German Researchers Identify Potential Biomarker to Improve PSP Diagnosis


Researchers in Germany have identified a potential biomarker that shows promise in helping to achieve earlier and more reliable diagnoses of progressive supranuclear palsy (PSP).

Based on an observational study of 60 persons diagnosed with PSP, researchers from Munich and Leipzig found early evidence that a Tau-positron emission tomography or PET tracer could serve as a biomarker to help detect the disease. The tracer, known as PI-2620, uses small amounts of radioactive materials to evaluate tau accumulations in brain tissue during imaging.

While the findings, published in JAMA Neurology, are preliminary, the research offers hope for those facing the currently untreatable and fatal condition. The accumulation of tau protein in specific brain regions is thought to be a characteristic of PSP and identifying a tool to detect those deposits could help to distinguish and detect the disease early on.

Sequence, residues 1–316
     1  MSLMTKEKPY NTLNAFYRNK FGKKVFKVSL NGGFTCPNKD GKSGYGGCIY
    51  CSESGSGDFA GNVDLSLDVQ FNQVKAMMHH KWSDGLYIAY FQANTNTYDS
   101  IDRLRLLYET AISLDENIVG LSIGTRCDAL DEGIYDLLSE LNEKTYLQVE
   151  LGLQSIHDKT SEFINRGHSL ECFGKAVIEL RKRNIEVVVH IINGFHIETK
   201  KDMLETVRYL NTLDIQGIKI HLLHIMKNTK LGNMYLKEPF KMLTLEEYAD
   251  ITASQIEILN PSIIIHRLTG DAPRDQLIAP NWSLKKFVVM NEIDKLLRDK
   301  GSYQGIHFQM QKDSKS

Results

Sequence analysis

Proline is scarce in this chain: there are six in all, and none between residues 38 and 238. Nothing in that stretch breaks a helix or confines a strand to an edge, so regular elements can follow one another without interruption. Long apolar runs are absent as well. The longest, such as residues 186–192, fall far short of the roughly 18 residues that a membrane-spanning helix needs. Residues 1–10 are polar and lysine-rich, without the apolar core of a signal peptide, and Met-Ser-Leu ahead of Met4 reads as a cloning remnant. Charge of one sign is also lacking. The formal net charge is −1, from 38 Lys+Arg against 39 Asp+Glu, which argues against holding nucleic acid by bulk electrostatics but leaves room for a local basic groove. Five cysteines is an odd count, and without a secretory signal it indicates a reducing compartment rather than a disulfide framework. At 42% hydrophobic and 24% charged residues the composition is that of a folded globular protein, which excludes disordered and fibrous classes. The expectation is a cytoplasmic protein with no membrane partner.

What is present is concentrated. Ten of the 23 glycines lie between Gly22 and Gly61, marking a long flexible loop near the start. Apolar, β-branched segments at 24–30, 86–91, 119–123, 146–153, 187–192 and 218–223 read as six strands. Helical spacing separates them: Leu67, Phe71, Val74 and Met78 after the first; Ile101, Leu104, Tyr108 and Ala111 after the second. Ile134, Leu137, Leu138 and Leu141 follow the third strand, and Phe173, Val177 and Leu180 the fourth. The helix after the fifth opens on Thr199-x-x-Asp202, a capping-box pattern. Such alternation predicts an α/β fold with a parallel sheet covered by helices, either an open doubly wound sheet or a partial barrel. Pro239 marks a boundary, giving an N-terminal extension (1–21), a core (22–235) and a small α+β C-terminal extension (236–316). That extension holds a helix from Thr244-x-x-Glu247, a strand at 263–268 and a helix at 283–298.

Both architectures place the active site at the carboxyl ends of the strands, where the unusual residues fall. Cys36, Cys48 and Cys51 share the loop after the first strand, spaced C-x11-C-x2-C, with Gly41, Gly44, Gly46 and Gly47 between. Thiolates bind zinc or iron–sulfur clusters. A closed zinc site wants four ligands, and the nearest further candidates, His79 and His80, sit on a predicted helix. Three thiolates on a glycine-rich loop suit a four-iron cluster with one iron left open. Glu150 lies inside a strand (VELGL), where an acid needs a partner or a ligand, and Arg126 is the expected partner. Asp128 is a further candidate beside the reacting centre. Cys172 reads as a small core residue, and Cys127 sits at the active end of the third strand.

“This real-world study provides first evidence that PI-2620 could provide an earlier and more accurate diagnosis of PSP,” Andrea Pfeifer, CEO of the firm that co-developed the radiotracer, said in a news release. “Such capabilities would enable early, targeted therapeutic interventions for people with PSP and enhance the research community’s ability to better advance more effective treatments and cures.”

To read more about the research, click here.

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